Charles Hillman Brough

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Charles Hillman Brough
Charles Hillman Brough in 1916.jpg
25th Governor of Arkansas
In office
January 10, 1917 – January 11, 1921
Preceded by George Washington Hays
Succeeded by Thomas Chipman McRae
Personal details
Born (1876-07-09)July 9, 1876
Clinton, Hinds County
Mississippi, U.S.
Died December 26, 1935(1935-12-26) (aged 59)
Washington, D.C., U.S.
Resting place Roselawn Memorial Park in Little Rock, Arkansas
Political party Democratic
Alma mater

Mississippi College
Johns Hopkins University

University of Mississippi School of Law
Profession Professor; Lawyer

Charles Hillman Brough (July 9, 1876 – December 26, 1935) was the 25th Governor of the U.S. state of Arkansas from 1917 to 1921.


Charles Brough was born in Clinton in Hinds County in central Mississippi. In 1894, he graduated from Mississippi College in Clinton. He earned his Ph.D. in 1898 from Johns Hopkins University in Baltimore, Maryland. He graduated from the University of Mississippi Law School in 1902. He taught at Mississippi College and the former women's institution, Hillman College, also in Clinton, Mississippi, and then the University of Arkansas at Fayetteville. He was a deacon in the Baptist Church.

Brough was elected governor in 1916. He defeated attorney Wallace Townsend, an Iowa native who later served as the long-term Republican national committeeman from Arkansas. Townsend made another unsuccessful gubernatorial bid in 1920 against Brough's successor, Thomas Chipman McRae.

During the Brough administration, the state reformatory for women was founded and a girl's industrial school was opened. He signed into law a bill which allowed women to vote in primary elections. Under Brough, Arkansas became the only southern state to allow women's suffrage prior to the 19th Amendment. Brough, a liberal Democrat, publicly supported anti-lynching laws. He was reelected as governor in 1918, when the Republican Party endorsed Brough against the Socialist Clay Fulks.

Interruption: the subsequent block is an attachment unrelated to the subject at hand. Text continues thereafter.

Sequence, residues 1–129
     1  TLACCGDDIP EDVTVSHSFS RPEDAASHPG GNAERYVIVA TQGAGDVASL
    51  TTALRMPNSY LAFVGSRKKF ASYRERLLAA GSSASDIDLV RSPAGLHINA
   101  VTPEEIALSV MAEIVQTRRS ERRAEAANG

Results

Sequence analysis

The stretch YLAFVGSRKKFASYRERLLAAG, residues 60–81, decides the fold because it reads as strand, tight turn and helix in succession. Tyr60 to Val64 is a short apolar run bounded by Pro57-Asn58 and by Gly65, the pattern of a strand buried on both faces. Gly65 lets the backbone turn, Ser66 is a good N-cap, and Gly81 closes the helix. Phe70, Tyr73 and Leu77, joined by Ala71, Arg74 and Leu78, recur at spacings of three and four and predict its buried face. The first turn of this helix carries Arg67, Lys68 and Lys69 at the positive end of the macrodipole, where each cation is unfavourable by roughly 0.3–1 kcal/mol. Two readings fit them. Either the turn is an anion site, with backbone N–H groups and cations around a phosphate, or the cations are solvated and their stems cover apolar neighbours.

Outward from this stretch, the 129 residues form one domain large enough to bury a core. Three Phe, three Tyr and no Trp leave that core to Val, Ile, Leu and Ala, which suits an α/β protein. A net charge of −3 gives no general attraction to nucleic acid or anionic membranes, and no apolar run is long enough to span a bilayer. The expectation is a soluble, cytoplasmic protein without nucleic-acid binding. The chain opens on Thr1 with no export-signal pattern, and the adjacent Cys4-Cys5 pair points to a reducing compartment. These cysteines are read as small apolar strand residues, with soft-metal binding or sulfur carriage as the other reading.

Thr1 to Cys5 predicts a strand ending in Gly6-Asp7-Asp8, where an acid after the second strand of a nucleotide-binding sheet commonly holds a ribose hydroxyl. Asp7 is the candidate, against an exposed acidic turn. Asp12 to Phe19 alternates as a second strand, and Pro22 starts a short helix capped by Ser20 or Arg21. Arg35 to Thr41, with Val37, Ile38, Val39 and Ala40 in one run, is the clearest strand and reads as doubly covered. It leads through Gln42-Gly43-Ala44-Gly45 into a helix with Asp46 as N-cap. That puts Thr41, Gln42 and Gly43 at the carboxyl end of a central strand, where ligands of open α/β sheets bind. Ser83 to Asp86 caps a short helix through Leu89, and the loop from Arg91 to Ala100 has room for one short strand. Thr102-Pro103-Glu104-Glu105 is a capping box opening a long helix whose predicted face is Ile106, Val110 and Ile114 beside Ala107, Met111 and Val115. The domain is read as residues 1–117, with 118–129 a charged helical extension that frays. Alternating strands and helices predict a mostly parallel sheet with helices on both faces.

In 1919, Brough requested federal troops to stop the Elaine Race Riot in Elaine in Phillips Countyu in eastern Arkansas, and accompanied the troops to the scene.

Brough was a personal friend of the Woodward family and was an early influence on prominent southern historian C. Vann Woodward.

Brough served as the director of the Public Information Bureau from 1925 to 1928 and in 1929 as president of Central Baptist College in Conway, Arkansas. He chaired the Virginia-District of Columbia Boundary Commission from 1934 to 1935. Brough was also a Civitan.[1] Brough also unsuccessfully ran for the U.S. Senate in 1932, losing in the Democratic Primary to Senator Hattie Caraway.

Brough died in Washington, D.C. Like many other Arkansas governors, he is interred at the Roselawn Memorial Park Cemetery in the capital city of Little Rock.

Asked how to pronounce his surname, he told The Literary Digest: "Pronounced as if it were spelled bruff." (Charles Earle Funk, What's the Name, Please?, Funk & Wagnalls, 1936.)

See also[edit]


  1. ^ Leonhart, James Chancellor (1962). The Fabulous Octogenarian. Baltimore Maryland: Redwood House, Inc. p. 277. 

Further reading[edit]

External links[edit]

Political offices
Preceded by
George Washington Hays
Governor of Arkansas
Succeeded by
Thomas Chipman McRae